[edit on 20-3-2007 by ceci2006]



posted on Mar, 20 2007 @ 08:02 AM
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In a article about the lexicon afforded to color-blind racism, Eduardo Bonilla Silva continues discussing the impact of what is said and why it is said--stretching his study of "color-blind" linguistics further:


The Linguistics of Color Blind Racism

Color blind racism’s racetalk avoids racist terminology and preserves its myth through semantic moves such as “I am not a racist, but,” “Some of my best friends are ...,” “I am not black, but,” and “Yes and no.” Additionally, when something could be interpreted as racially motivated, whites can use the “Anything but race” strategy. Thus, if a school or neighborhood is completely white, they can say “It’s not a racial thing” or “It’s economics, not race.” They can also project the matter onto blacks by saying things such as “They don’t want to live with us” or “Blacks are the really prejudiced ones.”



[edit on 20-3-2007 by ceci2006]



posted on Mar, 20 2007 @ 09:35 AM
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Originally posted by ceci2006

6)"You're playing the race card."

And why are the often repeated without any thought about who generated these comments?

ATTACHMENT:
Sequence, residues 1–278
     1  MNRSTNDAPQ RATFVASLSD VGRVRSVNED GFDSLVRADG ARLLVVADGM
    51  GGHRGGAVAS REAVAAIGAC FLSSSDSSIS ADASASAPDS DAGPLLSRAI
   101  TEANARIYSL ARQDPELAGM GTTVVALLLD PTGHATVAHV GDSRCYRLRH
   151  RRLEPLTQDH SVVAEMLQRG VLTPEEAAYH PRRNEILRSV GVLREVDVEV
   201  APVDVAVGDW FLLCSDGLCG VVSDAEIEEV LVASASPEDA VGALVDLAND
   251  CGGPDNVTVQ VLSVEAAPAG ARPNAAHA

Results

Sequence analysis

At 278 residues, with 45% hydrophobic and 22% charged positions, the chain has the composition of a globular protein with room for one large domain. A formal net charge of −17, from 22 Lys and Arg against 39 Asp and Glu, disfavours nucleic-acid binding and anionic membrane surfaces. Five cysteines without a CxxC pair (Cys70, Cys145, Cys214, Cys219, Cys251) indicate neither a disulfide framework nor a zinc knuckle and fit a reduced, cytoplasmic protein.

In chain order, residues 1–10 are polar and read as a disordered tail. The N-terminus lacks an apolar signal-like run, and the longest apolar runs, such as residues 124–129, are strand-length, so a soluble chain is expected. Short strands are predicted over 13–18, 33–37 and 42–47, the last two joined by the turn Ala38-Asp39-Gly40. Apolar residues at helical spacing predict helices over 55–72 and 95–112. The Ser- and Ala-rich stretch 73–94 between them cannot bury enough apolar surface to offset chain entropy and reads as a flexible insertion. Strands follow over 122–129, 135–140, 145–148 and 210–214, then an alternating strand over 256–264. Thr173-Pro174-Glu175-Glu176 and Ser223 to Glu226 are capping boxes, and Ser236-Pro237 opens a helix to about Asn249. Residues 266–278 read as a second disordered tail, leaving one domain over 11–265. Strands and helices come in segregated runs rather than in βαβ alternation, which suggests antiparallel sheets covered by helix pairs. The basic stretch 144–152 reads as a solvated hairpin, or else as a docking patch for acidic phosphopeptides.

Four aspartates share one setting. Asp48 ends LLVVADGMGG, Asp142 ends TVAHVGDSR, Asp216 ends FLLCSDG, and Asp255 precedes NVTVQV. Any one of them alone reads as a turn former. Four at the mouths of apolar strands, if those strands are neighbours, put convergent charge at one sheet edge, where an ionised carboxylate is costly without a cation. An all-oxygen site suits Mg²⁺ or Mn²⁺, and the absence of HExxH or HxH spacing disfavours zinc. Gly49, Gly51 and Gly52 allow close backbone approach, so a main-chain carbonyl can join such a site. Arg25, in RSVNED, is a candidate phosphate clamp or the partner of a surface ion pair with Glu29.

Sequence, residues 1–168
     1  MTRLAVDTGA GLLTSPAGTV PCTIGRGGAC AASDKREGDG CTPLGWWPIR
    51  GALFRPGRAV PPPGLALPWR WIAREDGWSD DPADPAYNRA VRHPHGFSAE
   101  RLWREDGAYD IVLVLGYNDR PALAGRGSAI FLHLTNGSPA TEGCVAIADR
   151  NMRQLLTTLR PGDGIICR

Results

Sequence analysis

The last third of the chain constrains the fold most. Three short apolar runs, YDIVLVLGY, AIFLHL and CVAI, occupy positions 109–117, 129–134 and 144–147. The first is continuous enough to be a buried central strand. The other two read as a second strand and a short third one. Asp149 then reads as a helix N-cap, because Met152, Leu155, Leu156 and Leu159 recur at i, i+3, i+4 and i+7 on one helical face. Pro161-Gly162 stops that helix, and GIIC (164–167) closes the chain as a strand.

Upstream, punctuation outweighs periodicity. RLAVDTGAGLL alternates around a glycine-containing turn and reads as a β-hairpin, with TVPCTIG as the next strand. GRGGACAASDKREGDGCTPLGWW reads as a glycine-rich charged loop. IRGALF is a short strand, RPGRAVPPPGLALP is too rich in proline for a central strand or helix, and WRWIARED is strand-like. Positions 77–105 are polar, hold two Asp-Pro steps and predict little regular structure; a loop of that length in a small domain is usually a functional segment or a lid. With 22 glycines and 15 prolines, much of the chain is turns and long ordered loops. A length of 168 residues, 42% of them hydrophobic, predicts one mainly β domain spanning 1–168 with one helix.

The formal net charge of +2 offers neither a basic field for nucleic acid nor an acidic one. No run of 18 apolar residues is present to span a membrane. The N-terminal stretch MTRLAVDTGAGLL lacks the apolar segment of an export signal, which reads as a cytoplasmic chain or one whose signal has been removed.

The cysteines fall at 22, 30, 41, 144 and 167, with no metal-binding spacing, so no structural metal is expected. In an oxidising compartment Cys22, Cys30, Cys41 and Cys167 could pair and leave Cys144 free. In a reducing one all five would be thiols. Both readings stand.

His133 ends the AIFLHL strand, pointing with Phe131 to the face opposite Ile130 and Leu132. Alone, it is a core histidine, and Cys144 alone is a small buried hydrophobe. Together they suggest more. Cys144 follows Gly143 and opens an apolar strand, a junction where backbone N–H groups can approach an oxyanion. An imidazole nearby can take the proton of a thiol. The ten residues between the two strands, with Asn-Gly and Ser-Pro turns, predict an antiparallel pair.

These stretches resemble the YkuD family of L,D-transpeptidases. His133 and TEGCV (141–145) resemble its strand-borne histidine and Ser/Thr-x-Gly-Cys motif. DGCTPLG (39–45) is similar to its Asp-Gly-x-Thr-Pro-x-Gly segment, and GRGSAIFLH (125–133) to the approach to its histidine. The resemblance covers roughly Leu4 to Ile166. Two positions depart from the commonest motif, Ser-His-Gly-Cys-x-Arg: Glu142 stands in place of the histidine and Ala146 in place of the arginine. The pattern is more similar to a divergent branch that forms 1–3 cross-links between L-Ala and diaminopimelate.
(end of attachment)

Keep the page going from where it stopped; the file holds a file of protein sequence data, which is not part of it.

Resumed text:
Perhaps because only a "scholar" would be inept enough to not know that playing the race card comes from playing a "trump card". Anyone even vaguley familiar with cards knows that a designated trump card automatically ranks over any other card.

When applying it to race, it is meant that the person is trying to use the issue of race to automatically rank over any other argument that one may have.



posted on Mar, 20 2007 @ 09:54 AM
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Originally posted by phoenixhasrisin


Perhaps because only a "scholar" would be inept enough to not know that playing the race card comes from playing a "trump card". Anyone even vaguley familiar with cards knows that a designated trump card automatically ranks over any other card.

When applying it to race, it is meant that the person is trying to use the issue of race to automatically rank over any other argument that one may have.